Thursday, September 9, 2010

It's Security Council time for Bellemare

We can say of Daniel Bellemare, the prosecutor of the Special Tribunal for Lebanon, that he is like the proverbial ostrich. His head is stuck firmly in the sand while every day now the rest of his feathered body is being carved up for the feast.

It was, plainly, Saudi resolve that forced Prime Minister Saad Hariri to declare to the Saudi daily Ash-Sharq al-Awsat this week that the accusations directed against Syria for the murder of his father, Rafik Hariri, were “political.” More significantly, Hariri affirmed that so-called “false witnesses” were responsible for tensions between Beirut and Damascus. The prime minister knows who killed his father, but that’s of no concern to his political sponsors, who have been squeezing Hariri every which way recently to ease a Syrian return to Lebanon, which Riyadh imagines will help contain Hizbullah.

The phrasing of Hariri’s statement was revealing. After making his remarks about the politicized accusations against Syria, the premier added that the tribunal was continuing its work, lending it some legitimacy. It wasn’t much, but it was enough to dissatisfy Hizbullah. What Hariri did, or tried to do, was to implicitly repeat the Der Spiegel line from last year (which more than ever appears to have been the consequence of Syrian manipulation), namely that Damascus is innocent but that the tribunal is ongoing, therefore its conclusions, even if Hizbullah is named, are worth considering.

Hariri’s calculation was probably to retain some semblance of leverage over Hizbullah. The Syrians, playing both sides of the aisle in order to advance their own interests in Lebanon, have been encouraging their Lebanese megaphones to discredit the tribunal and call for its dissolution, even as they have avoided putting direct pressure on Hariri to end cooperation with the institution. The Syrians are still thinking of using an indictment in ways that expand their power, but they, like Hizbullah, ultimately want the tribunal to be killed from the Lebanese side, so that it won’t harm them.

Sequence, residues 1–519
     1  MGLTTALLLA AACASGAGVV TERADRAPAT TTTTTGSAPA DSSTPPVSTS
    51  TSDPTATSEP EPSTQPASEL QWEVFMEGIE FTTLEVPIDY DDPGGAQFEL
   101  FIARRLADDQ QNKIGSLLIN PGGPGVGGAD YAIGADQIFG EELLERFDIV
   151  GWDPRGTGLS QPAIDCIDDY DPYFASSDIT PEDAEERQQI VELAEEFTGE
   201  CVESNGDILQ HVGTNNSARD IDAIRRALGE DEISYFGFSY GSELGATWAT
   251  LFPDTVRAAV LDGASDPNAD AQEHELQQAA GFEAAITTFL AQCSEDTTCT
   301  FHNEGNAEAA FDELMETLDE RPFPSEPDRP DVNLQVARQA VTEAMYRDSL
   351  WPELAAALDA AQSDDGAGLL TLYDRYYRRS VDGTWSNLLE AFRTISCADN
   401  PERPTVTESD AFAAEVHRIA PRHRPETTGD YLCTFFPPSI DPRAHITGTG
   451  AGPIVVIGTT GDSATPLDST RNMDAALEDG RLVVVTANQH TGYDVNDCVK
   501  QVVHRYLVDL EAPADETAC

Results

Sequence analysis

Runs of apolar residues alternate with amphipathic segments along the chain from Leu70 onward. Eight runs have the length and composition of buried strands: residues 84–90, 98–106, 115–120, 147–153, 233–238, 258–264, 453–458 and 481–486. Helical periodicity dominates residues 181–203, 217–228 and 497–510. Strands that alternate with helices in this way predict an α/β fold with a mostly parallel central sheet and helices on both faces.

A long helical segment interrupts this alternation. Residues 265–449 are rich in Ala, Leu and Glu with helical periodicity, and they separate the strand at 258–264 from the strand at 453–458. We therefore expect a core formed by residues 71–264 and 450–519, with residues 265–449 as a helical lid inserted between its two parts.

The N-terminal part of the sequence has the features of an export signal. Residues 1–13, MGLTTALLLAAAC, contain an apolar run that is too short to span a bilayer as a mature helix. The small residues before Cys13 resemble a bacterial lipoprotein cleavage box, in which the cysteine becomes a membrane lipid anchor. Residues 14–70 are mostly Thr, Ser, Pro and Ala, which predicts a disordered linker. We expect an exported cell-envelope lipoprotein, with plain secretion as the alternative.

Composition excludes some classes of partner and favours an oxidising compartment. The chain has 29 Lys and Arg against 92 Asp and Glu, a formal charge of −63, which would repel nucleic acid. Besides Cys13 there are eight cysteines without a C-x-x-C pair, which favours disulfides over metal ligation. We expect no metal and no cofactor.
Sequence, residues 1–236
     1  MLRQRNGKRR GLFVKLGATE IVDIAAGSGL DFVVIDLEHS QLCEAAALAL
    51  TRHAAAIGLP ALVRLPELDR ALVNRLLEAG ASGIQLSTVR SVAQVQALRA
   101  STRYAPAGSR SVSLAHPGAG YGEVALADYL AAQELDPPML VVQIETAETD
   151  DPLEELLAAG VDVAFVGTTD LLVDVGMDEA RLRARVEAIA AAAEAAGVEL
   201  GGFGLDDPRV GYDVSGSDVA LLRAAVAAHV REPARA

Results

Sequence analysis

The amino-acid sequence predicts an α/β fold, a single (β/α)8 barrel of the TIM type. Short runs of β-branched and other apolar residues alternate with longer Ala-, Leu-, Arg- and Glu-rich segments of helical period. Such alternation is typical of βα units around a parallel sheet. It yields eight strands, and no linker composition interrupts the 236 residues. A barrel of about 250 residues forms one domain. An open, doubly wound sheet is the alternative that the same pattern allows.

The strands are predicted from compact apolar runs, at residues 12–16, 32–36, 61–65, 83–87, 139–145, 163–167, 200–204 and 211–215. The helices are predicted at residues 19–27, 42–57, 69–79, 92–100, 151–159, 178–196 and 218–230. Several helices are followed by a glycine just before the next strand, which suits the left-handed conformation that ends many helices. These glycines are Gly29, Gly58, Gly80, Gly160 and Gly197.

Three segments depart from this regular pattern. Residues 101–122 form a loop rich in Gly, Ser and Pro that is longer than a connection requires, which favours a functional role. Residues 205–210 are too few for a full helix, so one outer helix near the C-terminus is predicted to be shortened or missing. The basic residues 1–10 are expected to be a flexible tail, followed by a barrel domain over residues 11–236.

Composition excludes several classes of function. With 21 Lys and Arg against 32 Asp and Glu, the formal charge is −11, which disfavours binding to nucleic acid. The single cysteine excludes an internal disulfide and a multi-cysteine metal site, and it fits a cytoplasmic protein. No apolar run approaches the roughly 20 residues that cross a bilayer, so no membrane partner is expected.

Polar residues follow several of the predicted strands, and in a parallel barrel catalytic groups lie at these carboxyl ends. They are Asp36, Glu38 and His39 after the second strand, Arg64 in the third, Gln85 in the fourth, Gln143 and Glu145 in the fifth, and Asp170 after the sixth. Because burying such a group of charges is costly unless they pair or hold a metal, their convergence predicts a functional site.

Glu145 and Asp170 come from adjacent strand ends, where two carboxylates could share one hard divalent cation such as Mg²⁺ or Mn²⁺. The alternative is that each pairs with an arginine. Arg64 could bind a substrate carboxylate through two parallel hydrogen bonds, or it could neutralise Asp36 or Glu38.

It is difficult to see how Hariri can come out of this convoluted maneuvering with anything in hand. His comments this week, particularly on the “false witnesses,” were early steps on a slippery slope that can only wreck the tribunal’s effectiveness. The prime minister may want to retain leverage, but his chances of succeeding are diminishing by the day, and the Syrians win either way. What weakens Hariri helps them; what weakens Hizbullah helps them; and a dispute between Hariri and Hizbullah helps them, too. Indeed, today they find themselves indirectly, and agreeably, mediating between the prime minister and Sayyed Hassan Nasrallah through Walid Jumblatt, whose reference point in Damascus is Mohammad Nassif, one of the late President Hafez Assad’s closest collaborators.